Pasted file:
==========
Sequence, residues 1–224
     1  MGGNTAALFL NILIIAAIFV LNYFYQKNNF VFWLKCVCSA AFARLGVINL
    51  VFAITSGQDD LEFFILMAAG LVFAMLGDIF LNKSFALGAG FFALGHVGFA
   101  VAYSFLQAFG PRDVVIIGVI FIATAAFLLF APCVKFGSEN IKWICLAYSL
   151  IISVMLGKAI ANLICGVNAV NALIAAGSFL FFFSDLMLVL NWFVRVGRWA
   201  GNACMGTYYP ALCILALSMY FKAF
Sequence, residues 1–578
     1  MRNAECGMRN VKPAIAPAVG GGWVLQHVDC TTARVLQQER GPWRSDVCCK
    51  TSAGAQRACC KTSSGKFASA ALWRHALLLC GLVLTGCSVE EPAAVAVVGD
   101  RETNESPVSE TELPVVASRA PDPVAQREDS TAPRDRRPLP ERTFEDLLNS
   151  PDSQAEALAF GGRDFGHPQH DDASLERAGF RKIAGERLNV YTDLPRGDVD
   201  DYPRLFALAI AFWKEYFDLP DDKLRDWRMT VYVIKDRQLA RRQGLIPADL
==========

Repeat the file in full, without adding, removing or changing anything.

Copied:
Sequence, residues 1–224
     1  MGGNTAALFL NILIIAAIFV LNYFYQKNNF VFWLKCVCSA AFARLGVINL
    51  VFAITSGQDD LEFFILMAAG LVFAMLGDIF LNKSFALGAG FFALGHVGFA
   101  VAYSFLQAFG PRDVVIIGVI FIATAAFLLF APCVKFGSEN IKWICLAYSL
   151  IISVMLGKAI ANLICGVNAV NALIAAGSFL FFFSDLMLVL NWFVRVGRWA
   201  GNACMGTYYP ALCILALSMY FKAF
Sequence, residues 1–578
     1  MRNAECGMRN VKPAIAPAVG GGWVLQHVDC TTARVLQQER GPWRSDVCCK
    51  TSAGAQRACC KTSSGKFASA ALWRHALLLC GLVLTGCSVE EPAAVAVVGD
   101  RETNESPVSE TELPVVASRA PDPVAQREDS TAPRDRRPLP ERTFEDLLNS
   151  PDSQAEALAF GGRDFGHPQH DDASLERAGF RKIAGERLNV YTDLPRGDVD
   201  DYPRLFALAI AFWKEYFDLP DDKLRDWRMT VYVIKDRQLA RRQGLIPADL